Accession Number:

ADA636538

Title:

The Davis Island Lock and Dam 1870-1922

Descriptive Note:

Corporate Author:

CORPS OF ENGINEERS PITTSBURGH PA PITTSBURGH DISTRICT

Personal Author(s):

Report Date:

1985-01-01

Pagination or Media Count:

182.0

Abstract:

Though long abandoned and removed from the Ohio River channel, the Davis Island Lock and Dam project continued to interest both engineers and historians at its centennial in 1985. Located about five miles downstream of the Point at Pittsburgh, it created a harbor for Pittsburgh extending up the Ohio and short distances up the Allegheny and Monongahela rivers on both sides of the Point. At its completion in 1885 it provided reliable year-round navigation and water supply along the Pittsburgh waterfront. By improving transportation and water supply in Pittsburghs harbor, the lock and dam encouraged waterfront industrial development and thereby had incalculable but significant influence on the citys history. Because it was the first lock and movable dam built on the Ohio, it also influenced the regional history of the Ohio River basin and the experimental engineering used in its design and construction made it significant to the national and even international history of waterway engineering technology. The planning, design, and construction of the Davis Island project made it an engineering experiment of enduring import, a landmark in the annals of waterway technology. At Davis Island, the U. S. Army Corps of Engineers conducted some of its earliest hydraulic model studies and engaged in one of its first systematic studies of international waterways technology. Those planning studies resulted in the construction at Davis Island of the largest Chanoine dam built in the 19th century, of one of the earliest concrete structures built by the Corps of Engineers, of the first rolling lock gates, and of the largest navigation lock in the world at the time. Experimentation after completion of the lock and dam resulted in additional project modifications which improved its design and operational capabilities, with major improvements which were adopted at the locks and dams subsequently constructed.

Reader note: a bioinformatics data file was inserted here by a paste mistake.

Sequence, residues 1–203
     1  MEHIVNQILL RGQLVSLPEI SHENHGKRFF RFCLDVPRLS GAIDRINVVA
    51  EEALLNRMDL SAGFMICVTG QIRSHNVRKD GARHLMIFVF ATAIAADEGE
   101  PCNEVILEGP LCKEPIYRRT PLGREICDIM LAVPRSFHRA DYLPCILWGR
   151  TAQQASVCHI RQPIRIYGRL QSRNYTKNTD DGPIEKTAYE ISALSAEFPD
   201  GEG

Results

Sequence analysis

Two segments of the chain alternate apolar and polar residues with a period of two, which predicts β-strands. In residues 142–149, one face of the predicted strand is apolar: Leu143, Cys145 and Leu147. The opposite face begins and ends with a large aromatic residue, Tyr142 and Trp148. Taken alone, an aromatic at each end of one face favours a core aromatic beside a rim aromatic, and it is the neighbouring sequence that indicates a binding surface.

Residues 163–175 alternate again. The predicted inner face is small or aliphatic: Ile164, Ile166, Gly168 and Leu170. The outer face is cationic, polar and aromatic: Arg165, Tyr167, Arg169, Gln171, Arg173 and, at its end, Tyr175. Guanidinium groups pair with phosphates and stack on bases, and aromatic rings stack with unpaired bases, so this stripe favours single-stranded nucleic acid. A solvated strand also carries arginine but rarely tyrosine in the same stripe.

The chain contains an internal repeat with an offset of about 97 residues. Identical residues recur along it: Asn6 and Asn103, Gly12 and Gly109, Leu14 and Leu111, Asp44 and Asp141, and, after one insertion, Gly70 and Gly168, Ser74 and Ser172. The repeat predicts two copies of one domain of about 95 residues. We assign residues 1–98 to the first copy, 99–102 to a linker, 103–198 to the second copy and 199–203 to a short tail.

Subject Categories:

  • Civil Engineering
  • Fluid Mechanics

Distribution Statement:

APPROVED FOR PUBLIC RELEASE